COM416 Leap #2 – Is Advertising Propaganda?

Paper & Piktochart

Here it comes. Ready or not! My colleague Jessica Michon and I had to stop when we got to page 13, but in some ways it felt like we were just getting started and getting to the heart of our exploration into the relationship between advertising and propaganda. I loved our two examples of insurance advertising from different eras and different cultures and diving into all four aspects uncovered more than we could write about in one 10-12 page paper. Fascinating topic. So here it is for your reading pleasure: Advertising as Propaganda: A Compare and Contrast Analysis of Insurance Advertisements From Different Cultures and Time Periods . https://docs.google.com/document/d/1ajWlGgr1m4UhmbTS34_chTMcaHAcGkYxks4lWdtD3Vg/edit 

And here is our infographic, created on Piktochart, with a more visual representation of the theme: h

Another LEAP into the unknown!

Look Ma, no hands!

Well, since I discovered the limitations of Adobe Spark for doing everything I wanted to do in my last video production effort in LEAP#1, my partner LEAPer Lauren and I decided to go with WeVideo this time. It was a platform new to both of us, but we were impressed with the two audio and two video tracks and some other bells and whistles. Lauren signed up for a trial Educator account, and we were off! Or at least I was off – to Florida for my first Spring Break adventure ever. But before I left, Lauren and I talked, texted, emailed and met once in person so we’d have a good idea of where we both wanted to head – which was in a different direction from our original idea – and what we both needed to do before we met again.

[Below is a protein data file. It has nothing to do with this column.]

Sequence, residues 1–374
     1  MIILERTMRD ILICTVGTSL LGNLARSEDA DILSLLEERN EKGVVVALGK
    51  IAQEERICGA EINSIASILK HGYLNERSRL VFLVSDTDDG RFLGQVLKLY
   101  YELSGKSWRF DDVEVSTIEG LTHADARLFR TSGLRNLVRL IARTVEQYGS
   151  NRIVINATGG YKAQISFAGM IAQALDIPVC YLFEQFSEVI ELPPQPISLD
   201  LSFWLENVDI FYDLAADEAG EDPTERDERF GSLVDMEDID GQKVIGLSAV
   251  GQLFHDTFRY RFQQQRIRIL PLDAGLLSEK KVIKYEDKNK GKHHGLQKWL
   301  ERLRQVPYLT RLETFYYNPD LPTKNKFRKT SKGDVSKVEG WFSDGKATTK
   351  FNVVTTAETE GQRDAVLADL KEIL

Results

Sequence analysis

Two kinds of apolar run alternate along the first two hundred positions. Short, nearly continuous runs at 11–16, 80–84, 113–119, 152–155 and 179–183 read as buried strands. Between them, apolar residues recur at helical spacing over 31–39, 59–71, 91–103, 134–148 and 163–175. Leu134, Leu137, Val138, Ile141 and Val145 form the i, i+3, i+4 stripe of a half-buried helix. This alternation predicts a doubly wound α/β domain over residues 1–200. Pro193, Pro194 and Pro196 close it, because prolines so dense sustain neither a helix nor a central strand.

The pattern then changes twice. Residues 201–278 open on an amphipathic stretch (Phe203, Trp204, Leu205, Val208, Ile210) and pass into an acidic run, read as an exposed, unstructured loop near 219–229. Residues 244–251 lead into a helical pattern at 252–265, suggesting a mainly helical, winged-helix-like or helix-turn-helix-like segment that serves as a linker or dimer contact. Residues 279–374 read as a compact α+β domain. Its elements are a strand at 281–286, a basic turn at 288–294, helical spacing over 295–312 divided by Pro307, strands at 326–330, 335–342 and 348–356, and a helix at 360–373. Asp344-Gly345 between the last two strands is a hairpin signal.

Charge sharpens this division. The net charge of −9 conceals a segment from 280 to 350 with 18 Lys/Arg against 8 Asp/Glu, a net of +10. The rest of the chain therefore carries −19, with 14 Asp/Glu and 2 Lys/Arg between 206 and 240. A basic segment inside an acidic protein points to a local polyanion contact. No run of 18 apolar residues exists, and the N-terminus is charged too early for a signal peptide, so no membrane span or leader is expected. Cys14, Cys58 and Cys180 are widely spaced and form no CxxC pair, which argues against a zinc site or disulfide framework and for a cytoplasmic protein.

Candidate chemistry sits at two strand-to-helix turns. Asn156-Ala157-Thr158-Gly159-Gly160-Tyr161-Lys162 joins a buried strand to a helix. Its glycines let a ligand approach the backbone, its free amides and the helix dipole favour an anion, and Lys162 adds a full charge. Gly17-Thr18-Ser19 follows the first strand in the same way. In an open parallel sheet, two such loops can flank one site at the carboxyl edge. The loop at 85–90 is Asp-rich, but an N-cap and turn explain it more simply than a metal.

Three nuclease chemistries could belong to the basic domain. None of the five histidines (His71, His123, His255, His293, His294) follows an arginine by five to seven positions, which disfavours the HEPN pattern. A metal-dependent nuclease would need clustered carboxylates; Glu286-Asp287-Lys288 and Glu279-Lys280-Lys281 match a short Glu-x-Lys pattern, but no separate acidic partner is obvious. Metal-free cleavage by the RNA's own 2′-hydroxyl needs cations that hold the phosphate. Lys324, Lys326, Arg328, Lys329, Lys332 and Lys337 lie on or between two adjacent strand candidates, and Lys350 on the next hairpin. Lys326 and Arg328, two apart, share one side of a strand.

When I checked back in as soon as I returned to RI, Lauren had already been plugging away uploading the images we’d both been finding, and finding her way around WeVideo. We met again to lay down our voice audio track, which we had collaboratively created on a storyboard along with some ideas for visuals to use with each audio clip. Lauren had already chosen a music track, and started popping our visuals into one of the video tracks knowing we could edit or remove or move them later. We then parted to continue working on the video taking shape, while staying in close contact by any means necessary.

That was Wednesday. We saw it really coming together on Thursday, so on Friday morning, I started adding some extra snazzy elements, some of which I had to remove later so we wouldn’t be charged for an upgrade. Live and learn. Main takeaways: 1. It was great working with Lauren who is a real pro, has solid educator cred, which was really needed for this video targeting educators, and brings her best to a project. 2. You need to read the instructions and offers on apps and platforms as carefully as you need to read exam questions, to make sure you’re going where you need to go. 3. I think I’m starting to get most of how WeVideo works, and am even more impressed with what four tracks offers in flexibility and look. 4. Deadline extensions are a godsend. 5. Spring break is a nice concept, but is there always a payback when you get home?

Anyway, here it is – Eight Easy Tools & Eight Excellent Reasons to Enhance Instruction with Digital & Media Literacy. Don’t worry, the video is shorter than the title suggests. https://www.wevideo.com/view/1338635452